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U.S Mortgage Rates See Rates Rise as Lenders Price in Risk Amidst the Economic Uncertainty

U.S mortgage rates rise, while Treasury yields fall as lenders begin to price in risk premiums amidst the economic uncertainty.
Bob Mason
Mortgage application loan agreement and house key

Mortgage rates moved northwards in the week ending 23rd April, with mortgage rates up just twice in 5-weeks. In the previous week, mortgage rates had fallen by 2 basis points to 3.31%.

While the downward trend failed to continue, 30-year-fixed rates remained close to record lows.

Compared to this time last year, 30-year fixed rates were down by 87 basis points.

30-year fixed rates were down by 161 basis points since November 2018’s most recent peak of 4.94%.

Economic Data from the Week

Economic data was on the heavier side in the week. Key stats included the weekly jobless claims and April prelim private sector PMI numbers.

Both sets of numbers disappointed. In the week ending 17th April, initial jobless claims increased by another 4.427m. Yet another jump in unemployment sent the number of unemployed hurtling to levels last seen in the Great Depression.

Things were not much better across the services sector, with the lockdown sinking the PMI from 39.8 to 27.0 in April.

The manufacturing sector contraction was less severe, with the PMI falling from 48.5 to 36.9 but it was of little consolation.

From the housing sector, March existing home sales slid by 8.5%, with new home sales tumbling by 15.4%. There had been hopes of a bounce-back in housing sector activity, supported by current mortgage rates. The surge in unemployment, however, raises some concerns over the near-term outlook.

Economic uncertainty, stemming from particularly dire economic data led to a fall in 10-year Treasury yields in the week.

The uptick in mortgage rates, however, had less to do with U.S Treasury yields and more to do with the setting of rates by lenders. Lenders have begun to price in a risk premium into mortgage rates that have led to a break in the correlation between yields and mortgage rates.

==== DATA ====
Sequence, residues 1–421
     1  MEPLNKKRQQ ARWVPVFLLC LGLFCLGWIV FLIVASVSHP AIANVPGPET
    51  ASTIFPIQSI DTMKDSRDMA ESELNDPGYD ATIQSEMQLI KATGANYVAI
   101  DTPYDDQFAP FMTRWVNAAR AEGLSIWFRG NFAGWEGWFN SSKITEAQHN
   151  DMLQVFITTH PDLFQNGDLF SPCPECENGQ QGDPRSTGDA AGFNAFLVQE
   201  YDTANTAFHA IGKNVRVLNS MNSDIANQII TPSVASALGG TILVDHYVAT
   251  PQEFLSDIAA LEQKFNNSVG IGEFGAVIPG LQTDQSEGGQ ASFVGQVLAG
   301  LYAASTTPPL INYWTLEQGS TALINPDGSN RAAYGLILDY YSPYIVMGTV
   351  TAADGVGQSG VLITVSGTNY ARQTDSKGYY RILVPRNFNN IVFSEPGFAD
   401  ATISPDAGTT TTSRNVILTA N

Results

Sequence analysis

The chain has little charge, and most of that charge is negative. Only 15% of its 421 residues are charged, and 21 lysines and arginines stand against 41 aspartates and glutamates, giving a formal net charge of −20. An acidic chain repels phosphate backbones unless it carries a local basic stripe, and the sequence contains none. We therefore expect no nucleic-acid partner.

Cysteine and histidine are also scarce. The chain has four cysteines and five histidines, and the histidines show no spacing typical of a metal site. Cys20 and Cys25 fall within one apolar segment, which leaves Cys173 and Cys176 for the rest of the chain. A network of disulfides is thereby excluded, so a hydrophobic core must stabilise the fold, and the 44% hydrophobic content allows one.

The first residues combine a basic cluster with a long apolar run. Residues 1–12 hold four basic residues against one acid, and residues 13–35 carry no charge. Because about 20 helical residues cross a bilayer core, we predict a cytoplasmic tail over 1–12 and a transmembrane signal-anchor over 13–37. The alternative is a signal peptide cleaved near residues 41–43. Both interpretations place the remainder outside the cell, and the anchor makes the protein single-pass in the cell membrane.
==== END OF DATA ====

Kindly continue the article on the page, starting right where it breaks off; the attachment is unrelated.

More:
10-year Treasury yields also fell in the week in response to WTI’s May Futures sliding into negative territory early in the week.


Freddie Mac Rates

The weekly average rates for new mortgages as of 23rd April were quoted by Freddie Mac to be:

  • 30-year fixed rates rose by 2 basis points to 3.33% in the week. Rates were down from 4.20% from a year ago. The average fee remained unchanged at 0.7 points.
  • 15-year fixed rose by 6 basis points 2.86% in the week. Rates were down from 3.64% compared with a year ago. The average fee held steady at 0.7 points.
  • 5-year fixed rates fell by 6 basis points to 3.28% in the week. Rates were down by 49 points from last year’s 3.77%. The average fee held steady at 0.3 points.

According to Freddie Mac, mortgage rates have stabilized over the last few weeks. The markets continue to search for direction amidst the doom and gloom of the economic data.

While both fiscal and monetary policy support has delivered upside to the financial markets, Freddie Mac sees a deep economic contraction weighing ‘amidst the uncertainty about the recovery formation’.

Mortgage Bankers’ Association Rates

For the week ending 17th April, rates were quoted to be:

  • Average interest rates for 30-year fixed, backed by the FHA, decreased from 3.45% to 3.33. Points remained unchanged at 0.19 (incl. origination fee) for 80% LTV loans.
  • Average interest rates for 30-year fixed with conforming loan balances remained unchanged at 3.45%. Points also remained unchanged at 0.29 (incl. origination fee) for 80% LTV loans.
  • Average 30-year rates for jumbo loan balances increased from 3.80% to 3.81%. Points increased from 0.23 to 0.34 (incl. origination fee) for 80% LTV loans.

Weekly figures released by the Mortgage Bankers Association showed that the Market Composite Index, which is a measure of mortgage loan application volume, decreased by 0.3% in the week ending 17th April. In the week prior, the Index had increased by 7.3%.

The Refinance Index decreased by 1% and was 225% higher than the same week a year ago. In the previous week, the Index had risen by 10%.

The refinance share of mortgage activity decreased from 76.2% to 75.4% in the week. In the week prior, the share had increased by 74.2% to 76.2%.

According to the MBA:

  • A marginal fall in refinance activity was offset by a 2% increase in purchase applications.
  • In spite of the weekly gain, the Purchase Index remained close to its lowest level since 2015 and was down by 30% year-on-year.
  • Some buyers and sellers have delayed decisions as a result of the pandemic-related economic stoppage. As a result, inventories and buyer traffic were on the slide, leading to existing home sales falling to their slowest annual pace in almost a year.

For the week ahead

It’s another relatively busy week for the Greenback.

Key stats include April consumer confidence figures, 1st quarter GDP numbers, and the weekly jobless claims figures.

We would expect inflation and trade data to have a muted impact in the week.

While the stats will provide some direction, the FED’s monetary policy decision on Wednesday will be the key driver.

The markets may not be expecting another move just yet, but the markets will expect some forward guidance in the press conference…

Away from the economic calendar, COVID-19 news and updates will be in focus along with crude oil prices…

On the geopolitical front, rising tensions in the Middle East may also garner some attention.

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